Wrangell has a strange, slightly ramshackle frontier mood. With only a very rare cruise liner unleashing their human cargo in this Alaskan town, Wrangell has a peaceful easy-paced feeling and none of the fancy jewellery and trinket shops around the docks that towns like Ketchikan and Juneau have.
Outside of the turbulent and wild Stikine River and the exceptional wildlife experience watching brown and black bears fattening on salmon at nearby (50 kilometres away by boat) Anan Creek, Wrangell has two interesting sights in town both related to their Indian past.
Around a mile north of Wrangell is Petroglyph Beach, full of strange carvings in rocks around the high-water mark. Several bald eagles nests line the road to the beach. Estimated to be around 8,000 years old, the area an estimated forty to fifty carvings, some simple spirals or stylised faces and others more sophisticated fish or sea creatures. While some are on rocks out in the open, some remain hidden by the lapping tides and others seek shelter under grassy fringes edging the beach. In a kind of treasure hunt, it is an enjoyable hour checking around rocks on this remote and unkempt beach trying to unearth more of these ancient carvings or to interpret their possible meaning.
A boardwalk area includes reproductions of a few of the better examples to encourage people who take rubbings to use these as a protection for the originals that are slowly being warn away by the inevitable tidal erosion.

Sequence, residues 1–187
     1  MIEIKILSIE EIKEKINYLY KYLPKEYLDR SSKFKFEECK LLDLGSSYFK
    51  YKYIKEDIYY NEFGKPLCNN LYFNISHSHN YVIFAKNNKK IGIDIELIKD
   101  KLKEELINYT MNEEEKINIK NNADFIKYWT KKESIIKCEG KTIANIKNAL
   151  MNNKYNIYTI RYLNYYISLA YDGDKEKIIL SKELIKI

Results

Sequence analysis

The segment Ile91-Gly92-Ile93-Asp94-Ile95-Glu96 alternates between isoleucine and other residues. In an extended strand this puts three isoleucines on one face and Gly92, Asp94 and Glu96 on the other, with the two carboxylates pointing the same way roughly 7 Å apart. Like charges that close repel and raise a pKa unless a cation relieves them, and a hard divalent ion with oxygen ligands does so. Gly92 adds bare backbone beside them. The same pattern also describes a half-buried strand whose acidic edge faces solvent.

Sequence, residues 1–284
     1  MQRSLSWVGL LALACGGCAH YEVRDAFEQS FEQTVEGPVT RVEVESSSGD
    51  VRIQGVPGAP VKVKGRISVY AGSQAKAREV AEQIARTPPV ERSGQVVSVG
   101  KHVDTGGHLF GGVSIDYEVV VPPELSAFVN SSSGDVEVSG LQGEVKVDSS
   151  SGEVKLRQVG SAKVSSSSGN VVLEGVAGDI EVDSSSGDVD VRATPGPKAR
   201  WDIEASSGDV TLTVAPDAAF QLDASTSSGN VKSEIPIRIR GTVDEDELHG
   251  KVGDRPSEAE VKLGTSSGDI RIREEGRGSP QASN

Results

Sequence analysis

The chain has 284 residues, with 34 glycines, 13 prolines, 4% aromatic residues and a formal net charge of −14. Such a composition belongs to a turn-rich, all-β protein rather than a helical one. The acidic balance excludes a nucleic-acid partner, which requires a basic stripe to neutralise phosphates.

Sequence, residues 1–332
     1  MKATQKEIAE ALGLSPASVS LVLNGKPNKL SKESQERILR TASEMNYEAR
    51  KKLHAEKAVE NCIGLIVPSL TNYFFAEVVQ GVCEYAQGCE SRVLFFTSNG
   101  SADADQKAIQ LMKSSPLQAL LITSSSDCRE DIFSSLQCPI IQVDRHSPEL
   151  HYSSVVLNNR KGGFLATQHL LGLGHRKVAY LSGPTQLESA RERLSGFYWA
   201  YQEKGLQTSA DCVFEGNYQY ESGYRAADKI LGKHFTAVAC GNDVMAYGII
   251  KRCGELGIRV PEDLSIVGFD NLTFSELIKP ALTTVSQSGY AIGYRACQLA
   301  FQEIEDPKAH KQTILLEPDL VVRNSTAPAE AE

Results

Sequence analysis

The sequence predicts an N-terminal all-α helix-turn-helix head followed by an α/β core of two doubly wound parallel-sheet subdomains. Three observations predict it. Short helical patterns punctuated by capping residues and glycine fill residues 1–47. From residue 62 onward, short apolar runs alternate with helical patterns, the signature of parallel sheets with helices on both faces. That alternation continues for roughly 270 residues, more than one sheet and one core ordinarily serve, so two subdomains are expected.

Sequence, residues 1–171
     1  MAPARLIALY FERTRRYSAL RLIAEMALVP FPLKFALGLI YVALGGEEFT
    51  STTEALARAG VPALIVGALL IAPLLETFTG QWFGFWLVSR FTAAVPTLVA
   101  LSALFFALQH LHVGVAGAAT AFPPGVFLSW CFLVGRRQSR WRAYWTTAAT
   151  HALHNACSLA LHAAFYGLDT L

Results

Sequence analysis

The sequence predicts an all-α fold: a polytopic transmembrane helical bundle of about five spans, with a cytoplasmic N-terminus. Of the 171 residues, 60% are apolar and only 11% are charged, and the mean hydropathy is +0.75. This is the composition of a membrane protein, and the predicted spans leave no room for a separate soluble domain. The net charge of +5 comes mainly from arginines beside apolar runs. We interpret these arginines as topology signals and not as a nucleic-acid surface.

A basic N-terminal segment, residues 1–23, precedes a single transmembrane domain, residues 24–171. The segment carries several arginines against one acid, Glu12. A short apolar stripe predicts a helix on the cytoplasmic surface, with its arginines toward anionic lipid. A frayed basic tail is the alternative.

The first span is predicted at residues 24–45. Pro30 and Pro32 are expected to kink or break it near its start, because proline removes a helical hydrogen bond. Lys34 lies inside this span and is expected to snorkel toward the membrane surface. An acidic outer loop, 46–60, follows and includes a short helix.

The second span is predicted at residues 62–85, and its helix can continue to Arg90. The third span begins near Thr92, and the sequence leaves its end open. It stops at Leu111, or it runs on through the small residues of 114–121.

Little appears to be known for the reasons behind the local Indian carvings. Various explanations include markings of a good hunting or fishing area, a thank-you to the gods for bountiful hunts, a celebration for a battle victory or the simple joy of artistic expression.
Near to the docks is Chief Shakes Island including a number of totem poles and a central communal hall called the Tribal House of the Bear. The title of Chief Shakes (now largely ceremonial) is handed down with the Tlingit Indians have overseen four separate ruling nations (including the Indians themselves). The Russians signed an agreement with them to trade furs in the area before the British and finally the Americans took control of the area.
The central house is surrounded by a number of grandly carved totem poles, featuring a variety of animals and symbols. My personal favourite are the three frogs peering from their wooden perch through the foliage while a friendly bear lays prone on another pole. The three frogs totem pole represents shame to a neighbouring clan who had three of their young men have sex with three of Shakes clan’s women and yet not support the resultant children.
While best as a base for two superb adventures to Anan Creek bear-viewing and the Stikine River, Wrangell offers a quiet sprawling town with two unusual sights marking the rich Indian cultural history of the area.